|The Sun Oven in the final roasting phase|
I'm starting to feel a bit of fall in the air, dare I say. After the heat we've endured this summer I think I'm nearly ready. But I don't want to wish the summer days away so in the meantime we'll do what we can to keep cool. The other day I slow-cooked beets in the Sun Oven most of the day. They were tender and the skins slipped off easily. All without heating up the house, thank goodness. I feel like the process of getting these beets on the table begins to define where I'd like to go with our urban homestead--we grew the beets using soil enriched with homemade compost, we cooked them by the sun's energy in our yard, and the trimmings went back into our compost, which will help grow more beautiful beets next year. My dream is a closed loop. I prepared one of my favorite beet recipes with these sun roasted treats.
Honey Mustard Beets
Adapted from Fresh Start by Julie Rosso. I love to use fresh herbs as a "salad" so add more if you'd like. The walnuts are a nice additional, but if you plan to eat this as leftovers you may want to add the walnuts at serving time, otherwise they may get soft.
8 c. large dice roasted beets
3/4 c. finely minced fresh chives
1/2 c. finely minced flat leaf parsley
2 T. plus 2 t. Dijon mustard
1/2 c. honey
4 t. balsamic vinegar
salt and pepper to taste
1/2 c. walnut pieces toasted, optional
In a large bowl, combine the beets, chives, and parsley. In another bowl, combine the mustard, honey, and vinegar and stir until smooth. Toss with the beet mixture to coat, then season with salt and pepper. Sprinkle with walnuts if desired. Enjoy immediately or set aside for 1-2 hours at room temperature to give the flavors more time to blend.
|Homemade "Fish Sticks"|
|Canned Whole Tomatoes|
Yesterday I started bringing in the carrot harvest for the year. I planted Danvers Half Long (an heirloom variety), Tonda di Parigi (a Thumbelina variety planted between the rows of other to grow "on their shoulders"), and Merida (an overwinter storage carrot that we can mulch over and harvest through the snow). These all grew well in my crusted soil. Next year I will work in more compost and see if they do even better. I have learned that it's easiest--though also messiest--to harvest carrots when the soil is wet. Sprinkle the soil from a watering can to loosen the carrots and make them easy to pull out, in tact. This project basically negated the shower I took yesterday morning. Vera joined in and was a mess as well. So far I've harvested just over 13 pounds of carrots from one raised bed and I've only tackled half of them. I believe our garden will supply our whole winter's worth of carrots. I usually buy about three Tipi Produce 5-pound bags of carrots throughout winter at the co-op, but this year I may not need to supplement. I also believe that I may have grown enough onions to last through the cold months. These are usually something I stock up on at the end of season farmers' markets and store in my basement. I have a better storage shelf this year with more air circulation and am hoping that the onions I hung to cure in the greenhouse will now last downstairs until spring.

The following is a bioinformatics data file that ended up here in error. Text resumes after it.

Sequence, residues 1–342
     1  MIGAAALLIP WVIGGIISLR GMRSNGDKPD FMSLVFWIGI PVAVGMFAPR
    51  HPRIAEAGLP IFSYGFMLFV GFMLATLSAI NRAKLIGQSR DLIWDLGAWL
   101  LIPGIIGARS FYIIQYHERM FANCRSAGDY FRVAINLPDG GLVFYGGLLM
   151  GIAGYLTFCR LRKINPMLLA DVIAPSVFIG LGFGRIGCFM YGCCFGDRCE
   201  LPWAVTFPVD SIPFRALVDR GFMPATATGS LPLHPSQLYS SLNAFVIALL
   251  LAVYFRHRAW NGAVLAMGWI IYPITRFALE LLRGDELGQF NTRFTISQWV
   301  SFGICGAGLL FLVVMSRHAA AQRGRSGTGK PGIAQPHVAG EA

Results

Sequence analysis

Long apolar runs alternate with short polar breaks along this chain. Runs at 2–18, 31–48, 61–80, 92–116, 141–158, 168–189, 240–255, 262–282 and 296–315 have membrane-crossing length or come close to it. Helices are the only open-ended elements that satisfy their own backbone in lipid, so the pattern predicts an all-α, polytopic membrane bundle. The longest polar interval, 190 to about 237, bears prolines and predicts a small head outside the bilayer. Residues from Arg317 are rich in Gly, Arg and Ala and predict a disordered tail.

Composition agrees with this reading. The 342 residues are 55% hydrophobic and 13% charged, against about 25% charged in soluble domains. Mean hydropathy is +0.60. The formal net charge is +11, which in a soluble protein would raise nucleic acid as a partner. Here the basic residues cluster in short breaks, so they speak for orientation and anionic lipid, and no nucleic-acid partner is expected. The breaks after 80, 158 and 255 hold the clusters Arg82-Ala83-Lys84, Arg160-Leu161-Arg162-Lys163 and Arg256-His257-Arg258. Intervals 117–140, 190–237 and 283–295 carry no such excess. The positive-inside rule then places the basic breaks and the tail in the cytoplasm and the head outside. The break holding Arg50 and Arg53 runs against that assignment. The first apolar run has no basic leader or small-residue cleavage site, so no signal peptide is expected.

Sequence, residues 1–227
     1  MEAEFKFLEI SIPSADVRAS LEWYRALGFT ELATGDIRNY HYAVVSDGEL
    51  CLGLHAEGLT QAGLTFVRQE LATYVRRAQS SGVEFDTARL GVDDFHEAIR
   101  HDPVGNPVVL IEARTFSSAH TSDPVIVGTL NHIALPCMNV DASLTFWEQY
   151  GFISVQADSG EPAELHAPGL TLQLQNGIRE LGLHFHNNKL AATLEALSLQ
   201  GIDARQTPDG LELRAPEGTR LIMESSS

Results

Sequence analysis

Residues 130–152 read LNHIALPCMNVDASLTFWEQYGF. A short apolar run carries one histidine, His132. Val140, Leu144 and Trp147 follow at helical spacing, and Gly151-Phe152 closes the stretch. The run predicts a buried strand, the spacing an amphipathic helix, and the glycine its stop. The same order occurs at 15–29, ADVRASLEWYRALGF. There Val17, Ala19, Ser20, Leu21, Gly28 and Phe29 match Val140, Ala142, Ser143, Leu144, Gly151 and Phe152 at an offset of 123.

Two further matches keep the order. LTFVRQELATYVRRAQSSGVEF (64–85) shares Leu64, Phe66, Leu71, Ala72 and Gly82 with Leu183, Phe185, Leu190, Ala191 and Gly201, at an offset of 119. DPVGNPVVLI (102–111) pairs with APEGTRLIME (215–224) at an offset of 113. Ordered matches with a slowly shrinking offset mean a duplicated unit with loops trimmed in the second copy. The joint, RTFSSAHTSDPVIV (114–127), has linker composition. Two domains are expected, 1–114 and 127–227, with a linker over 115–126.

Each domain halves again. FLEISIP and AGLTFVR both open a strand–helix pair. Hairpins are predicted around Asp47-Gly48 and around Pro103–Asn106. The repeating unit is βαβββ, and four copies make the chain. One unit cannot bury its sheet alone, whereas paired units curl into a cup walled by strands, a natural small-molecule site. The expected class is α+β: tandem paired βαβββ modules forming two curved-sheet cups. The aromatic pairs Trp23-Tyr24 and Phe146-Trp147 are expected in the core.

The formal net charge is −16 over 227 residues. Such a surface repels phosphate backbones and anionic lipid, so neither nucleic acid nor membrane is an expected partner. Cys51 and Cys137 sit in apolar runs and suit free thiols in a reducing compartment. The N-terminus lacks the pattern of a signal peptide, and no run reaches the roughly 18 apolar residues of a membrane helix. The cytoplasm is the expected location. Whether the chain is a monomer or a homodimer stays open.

|Cellar Storage Rack with shelves that slide out|
|Jar of dried lemongrass stalks|
Basic Ice Cream
|Steeping the herbs in half and half|
Makes about 1½ qts.
3 c. half and half
5 large egg yolks
¾ c. sugar
pinch of salt
1 c. heavy whipping cream
1 t. vanilla extract
Optional 2-3 c. herbs (basil, lemon verbena, mint, thyme, etc.), stems removed
Heat half and half just to boiling. Meanwhile, separate eggs. Whisk yolks, sugar, and salt in medium bowl. If using herbs, steep 20 minutes, covered off the heat, after heating half and half. Add hot half and half to egg mixture in a steady stream, slowly. Rinse saucepan but do not wipe out. Return mixture to saucepan and cook over medium, stirring constantly until mixture coats back of spoon. Do not boil. Strain custard and mix in heavy cream and vanilla, until well combined. Refrigerate until well chilled. Churn according to ice cream machine’s directions.
|Triple Lemon and Coriander Ice Cream|
Triple Lemon and Coriander Flavor:
2 c. fresh lemon balm leaves, bruised
2-3 stalks of fresh or dried lemongrass stalks, chopped coarsely
1 t. dehydrated lemon peel
2 t. ground coriander
In the recipe above, add the lemon balm, lemongrass, and lemon peel where it calls for herbs. Add the coriander with the heavy cream and vanilla.